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Corn and Soybean After a Tough Planting Season

June 21, 2002
Corn and soybean planting is finally coming to an end for 2002, except of course for double-cropped soybean. And, in areas where excessive rainfall during the past two weeks has resulted in drowned crops in lower parts of fields or in bottomland, some producers are still hoping to plant soybean. A few still may be hoping to plant corn, but yield prospects for corn now are low enough that another crop should be planted if that is feasible.

Double-cropped soybean producers are accustomed to planting this late, but those hoping to replant in the northern half of the state face unfamiliar challenges. For almost everyone, the maturity of the varieties for planting in late June should be the same as that of varieties planted in May. In the northern tier or two of counties, producers who like to use late-maturing varieties (early group 3) for planting full-season soybean might want to drop back to a shorter-season (mid- or late group 2) variety in order to reduce the chance of the crop's not maturing before frost. Those who normally plant early-season varieties might even consider moving to slightly later-maturing ones. Late-planted soybeans tend to stay short, and if earlier varieties are used, they stay very short, especially if there is dryness during vegetative development. Shorter-season varieties also tend to be less able to withstand short periods of dry weather than longer-season varieties.

Probably more important than changing variety for replanting this late is using narrower row spacing. Because of the reduced vegetative growth--plant height and leaf area--that we expect when planting is delayed, soybean planted late in wide rows often will not form a complete canopy, and yield will suffer as a result. Any soybean planting after June 15 should, therefore, be done at a row spacing of 20 inches or less. Late planting in narrow rows probably should be done at a seeding rate of at least 200,000, keeping in mind that warm, moist soil conditions usually result in good emergence. On the other side of the coin, seed that has not been stored in very good conditions might be losing germinability by now. Last year was a good year for production and seed quality, so this should not be a problem unless seed was stored unprotected. But germination has been known to start dropping by the end of June, so some care is warranted to make sure replanted seed is good.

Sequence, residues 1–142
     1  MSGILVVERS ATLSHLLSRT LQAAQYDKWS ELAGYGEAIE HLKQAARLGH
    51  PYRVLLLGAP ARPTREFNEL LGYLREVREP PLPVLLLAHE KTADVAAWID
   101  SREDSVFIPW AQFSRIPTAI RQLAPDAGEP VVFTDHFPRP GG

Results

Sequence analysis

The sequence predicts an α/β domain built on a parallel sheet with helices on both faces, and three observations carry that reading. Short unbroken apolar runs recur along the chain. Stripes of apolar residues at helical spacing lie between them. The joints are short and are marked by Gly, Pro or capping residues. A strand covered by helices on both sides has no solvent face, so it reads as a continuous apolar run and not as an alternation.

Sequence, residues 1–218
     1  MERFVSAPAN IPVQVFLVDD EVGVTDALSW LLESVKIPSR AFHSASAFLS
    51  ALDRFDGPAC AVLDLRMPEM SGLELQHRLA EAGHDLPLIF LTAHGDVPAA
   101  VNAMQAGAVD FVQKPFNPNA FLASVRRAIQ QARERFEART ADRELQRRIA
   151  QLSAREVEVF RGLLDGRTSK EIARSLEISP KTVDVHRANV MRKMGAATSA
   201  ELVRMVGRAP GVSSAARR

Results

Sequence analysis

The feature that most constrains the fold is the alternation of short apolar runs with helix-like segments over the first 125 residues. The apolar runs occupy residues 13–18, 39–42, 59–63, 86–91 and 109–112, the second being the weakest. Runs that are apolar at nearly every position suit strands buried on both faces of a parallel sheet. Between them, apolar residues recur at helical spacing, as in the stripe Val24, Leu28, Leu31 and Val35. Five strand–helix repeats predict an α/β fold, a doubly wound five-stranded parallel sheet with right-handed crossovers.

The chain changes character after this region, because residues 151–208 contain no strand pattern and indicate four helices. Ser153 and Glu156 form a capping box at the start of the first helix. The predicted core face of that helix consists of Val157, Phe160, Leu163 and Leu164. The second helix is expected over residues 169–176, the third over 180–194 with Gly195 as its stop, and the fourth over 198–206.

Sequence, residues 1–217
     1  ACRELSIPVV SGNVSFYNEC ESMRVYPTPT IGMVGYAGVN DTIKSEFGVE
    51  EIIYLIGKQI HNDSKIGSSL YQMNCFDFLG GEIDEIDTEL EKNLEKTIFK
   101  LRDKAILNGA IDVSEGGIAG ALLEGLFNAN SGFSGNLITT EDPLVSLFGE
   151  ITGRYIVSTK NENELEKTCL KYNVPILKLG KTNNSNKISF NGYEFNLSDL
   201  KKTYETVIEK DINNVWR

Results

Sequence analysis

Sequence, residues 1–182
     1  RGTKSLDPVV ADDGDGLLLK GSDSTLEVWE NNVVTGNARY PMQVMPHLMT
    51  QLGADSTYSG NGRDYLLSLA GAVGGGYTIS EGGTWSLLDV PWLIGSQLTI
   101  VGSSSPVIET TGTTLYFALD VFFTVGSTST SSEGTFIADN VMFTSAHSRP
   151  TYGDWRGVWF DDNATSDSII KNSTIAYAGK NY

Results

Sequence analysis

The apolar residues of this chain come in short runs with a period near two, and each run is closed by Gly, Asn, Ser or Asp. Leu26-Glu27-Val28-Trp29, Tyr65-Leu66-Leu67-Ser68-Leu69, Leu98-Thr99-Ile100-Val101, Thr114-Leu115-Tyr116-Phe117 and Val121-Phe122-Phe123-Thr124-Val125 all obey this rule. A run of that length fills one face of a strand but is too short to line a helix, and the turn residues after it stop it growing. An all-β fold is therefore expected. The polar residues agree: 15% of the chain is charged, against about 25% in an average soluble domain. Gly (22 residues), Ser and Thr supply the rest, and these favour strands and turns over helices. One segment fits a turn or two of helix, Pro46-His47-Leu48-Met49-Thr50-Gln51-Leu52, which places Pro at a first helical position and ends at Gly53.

Most of the corn is growing well now, due to favorable temperatures and good soil moisture. Corn planted in early April at Urbana is now about waist high, with 11 or 12 leaf collars visible, while that planted in late April has reached the 9- to 10-collar stage. Even corn planted late will start its period of rapid upright growth soon, and its appearance will improve rapidly after that. Some of the "improvement" will come from the larger plants' making it difficult to see the problems that exist in some fields, however. We have had reports of poor stands due to the May frost, from hail, and from crusting and poor emergence, as well as from standing (and "restanding") water. Stands in 2002 will not be as good as those in 2001, but they're probably at least "average" in most fields.

If normal temperatures prevail, we're looking at tassel emergence being a week or so later than it was last year in the fields that were planted on time. Growing degree-days lost due to delayed planting or just cool temperatures are starting to accumulate now, but we can't expect corn planted in late May or early June to pollinate before mid-July. The key to successful pollination will be, as always, the weather. We need moderately warm temperatures and some early July rainfall to prevent yield-reducing stress in the crop. In general, the corn crop this year will have a smaller, shallower root system than we would like, meaning that it will be more affected by any stressful weather conditions. If we ever needed the "gentle inch of rainfall per week," it's this year. On the positive side, stored soil water is plentiful at this point, so our deep Illinois soils will help provide the water that the crop needs. Let's hope for the best.

Wheat harvest is just beginning in southern Illinois. The crop there headed at the normal time, and the fact that it was filling grain up to the time it reached maturity recently is a good sign for yield, though there may be grain quality questions in many areas. I did have one report of "decent" yields, but where water stood in fields we probably can't expect miracles. For those who will be double-cropping, soil moisture supplies should be adequate for soybean establishment, at least in most areas.--Emerson Nafziger

Author: Emerson Nafziger

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